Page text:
Just an aside, unless you use another key to demote the "OnArrival" part of USBDLM runs with local admin privs.
    Could you use something like AutoIT to open the necessary command and then shutdown the window when a "completed" message or such like comes up?

    Just a thought...

    Thanks for sharing that though...

  8. #21

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    possibly worth checking with the IT staff as to what course they are running first, the OCR nationals specifically state that students must back-up thier work to removable medium, i.e USB/Floppy/Zip (the spec mentions it, nobody ever does)

  9. #22
    enjay's Avatar
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    Quote Originally Posted by tech_guy View Post
    You can use this nifty .adm with group policy to block usb, cd, floppy and super floppy devices on server 2003
    @tech_guy - is it possible to do that via RMMC/CC3, or would I have to do it straight in the AD?

  10. #23

    Michael's Avatar
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    Tech_guy's link looks very interesting, however in the past (as an alternative) I created a custom GPO which limits the number of drive letters available.

    If all existing network drives are using drive letters, plugging in a USB stick will do nothing as no letter can be assigned.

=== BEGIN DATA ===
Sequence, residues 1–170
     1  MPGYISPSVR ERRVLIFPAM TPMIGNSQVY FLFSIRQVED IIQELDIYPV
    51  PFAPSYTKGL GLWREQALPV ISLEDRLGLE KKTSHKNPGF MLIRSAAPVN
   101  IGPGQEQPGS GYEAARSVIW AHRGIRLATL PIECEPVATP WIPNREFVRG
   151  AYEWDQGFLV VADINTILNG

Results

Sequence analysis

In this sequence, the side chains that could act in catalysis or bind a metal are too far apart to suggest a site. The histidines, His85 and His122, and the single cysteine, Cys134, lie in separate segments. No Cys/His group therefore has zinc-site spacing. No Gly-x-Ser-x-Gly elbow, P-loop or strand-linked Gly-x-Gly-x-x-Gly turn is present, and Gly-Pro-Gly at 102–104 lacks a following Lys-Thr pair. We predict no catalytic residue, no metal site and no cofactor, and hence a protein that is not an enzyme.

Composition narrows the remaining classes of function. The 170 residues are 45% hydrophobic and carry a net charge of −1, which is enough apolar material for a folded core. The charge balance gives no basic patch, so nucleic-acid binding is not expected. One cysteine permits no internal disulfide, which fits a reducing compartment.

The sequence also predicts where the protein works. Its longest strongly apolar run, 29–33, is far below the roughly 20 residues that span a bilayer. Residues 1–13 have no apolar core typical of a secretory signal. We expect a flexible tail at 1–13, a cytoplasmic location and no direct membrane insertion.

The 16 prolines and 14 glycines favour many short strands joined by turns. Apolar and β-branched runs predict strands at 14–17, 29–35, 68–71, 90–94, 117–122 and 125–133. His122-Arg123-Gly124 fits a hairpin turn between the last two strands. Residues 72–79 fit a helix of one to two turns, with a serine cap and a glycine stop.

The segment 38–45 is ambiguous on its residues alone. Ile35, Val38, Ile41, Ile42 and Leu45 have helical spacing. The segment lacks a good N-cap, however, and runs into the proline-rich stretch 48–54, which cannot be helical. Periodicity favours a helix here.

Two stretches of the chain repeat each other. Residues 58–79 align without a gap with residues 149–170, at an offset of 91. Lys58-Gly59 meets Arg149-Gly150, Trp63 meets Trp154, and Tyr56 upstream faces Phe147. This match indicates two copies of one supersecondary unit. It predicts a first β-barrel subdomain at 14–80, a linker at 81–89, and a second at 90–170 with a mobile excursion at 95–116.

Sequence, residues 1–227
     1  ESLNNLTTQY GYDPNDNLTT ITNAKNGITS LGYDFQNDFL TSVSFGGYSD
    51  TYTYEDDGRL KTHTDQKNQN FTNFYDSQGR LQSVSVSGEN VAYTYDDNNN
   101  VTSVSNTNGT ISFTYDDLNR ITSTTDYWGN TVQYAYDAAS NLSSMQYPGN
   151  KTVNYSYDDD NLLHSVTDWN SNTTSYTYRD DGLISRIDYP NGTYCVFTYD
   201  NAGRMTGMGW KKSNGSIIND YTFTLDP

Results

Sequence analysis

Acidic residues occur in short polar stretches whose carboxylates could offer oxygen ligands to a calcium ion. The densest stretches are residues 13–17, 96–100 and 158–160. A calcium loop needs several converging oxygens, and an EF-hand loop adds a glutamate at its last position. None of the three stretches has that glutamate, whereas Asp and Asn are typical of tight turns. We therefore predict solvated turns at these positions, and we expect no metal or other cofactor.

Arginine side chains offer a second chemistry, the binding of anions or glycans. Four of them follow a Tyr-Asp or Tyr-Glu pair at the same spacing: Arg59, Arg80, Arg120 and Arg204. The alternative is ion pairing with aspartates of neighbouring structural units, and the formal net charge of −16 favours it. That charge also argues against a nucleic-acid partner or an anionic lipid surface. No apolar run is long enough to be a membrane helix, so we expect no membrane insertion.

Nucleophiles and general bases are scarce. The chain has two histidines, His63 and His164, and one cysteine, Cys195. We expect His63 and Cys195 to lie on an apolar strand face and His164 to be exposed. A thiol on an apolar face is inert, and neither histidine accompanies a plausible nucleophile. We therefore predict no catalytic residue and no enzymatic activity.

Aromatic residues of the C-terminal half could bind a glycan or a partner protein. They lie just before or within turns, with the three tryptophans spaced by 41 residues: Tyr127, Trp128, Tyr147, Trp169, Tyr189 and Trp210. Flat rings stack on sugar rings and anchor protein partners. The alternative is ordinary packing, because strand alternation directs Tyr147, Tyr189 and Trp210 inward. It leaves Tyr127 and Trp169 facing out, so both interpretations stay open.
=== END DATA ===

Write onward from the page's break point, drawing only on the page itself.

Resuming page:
11. #24
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    That would suffice - could you post the adm file?

  12. #25

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    Not sure if anyone has used this template ?

    Group Policy to disable Autorun Arricc

  13. #26

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    Firstly here are all the numeric values for all drive letters:

    Code:
    A 1
    B 2
    C 4
    D 8
    E 16 
    F 32
    G 64
    H 128
    I 256
    J 512
    K 1024
    L 2048
    M 4096
    N 8192
    O 16384
    P 32768
    Q 65536
    R 131072
    S 262144
    T 524288
    U 1048576
    V 2097152
    W 4194304
    X 8388608
    Y 16777216
    Z 33554432
    And here's a caption from a System.adm file from Windows Server 2003 R2 I have customised. I recommend you make a copy and name it System1.adm leaving the existing System.adm file in place. By creating a Test OU, you can remove System.adm and import System1.adm without affecting your other OUs.

    In this example the Numeric Value is 63 which would restrict drives A to F. You can do any combination according to your requirements. Hope this helps

    Code:
    POLICY !!NoDrives
    			#if version >= 4
    			SUPPORTED !!SUPPORTED_Win2k
    			#endif
    
    			EXPLAIN !!NoDrives_Help
    			PART !!NoDrivesDropdown	DROPDOWNLIST NOSORT REQUIRED
    				VALUENAME "NoDrives"
    				ITEMLIST
    					NAME !!ABOnly           VALUE NUMERIC	3
    					NAME !!COnly            VALUE NUMERIC	4
    					NAME !!DOnly            VALUE NUMERIC 	8
    					NAME !!ABConly          VALUE NUMERIC 	7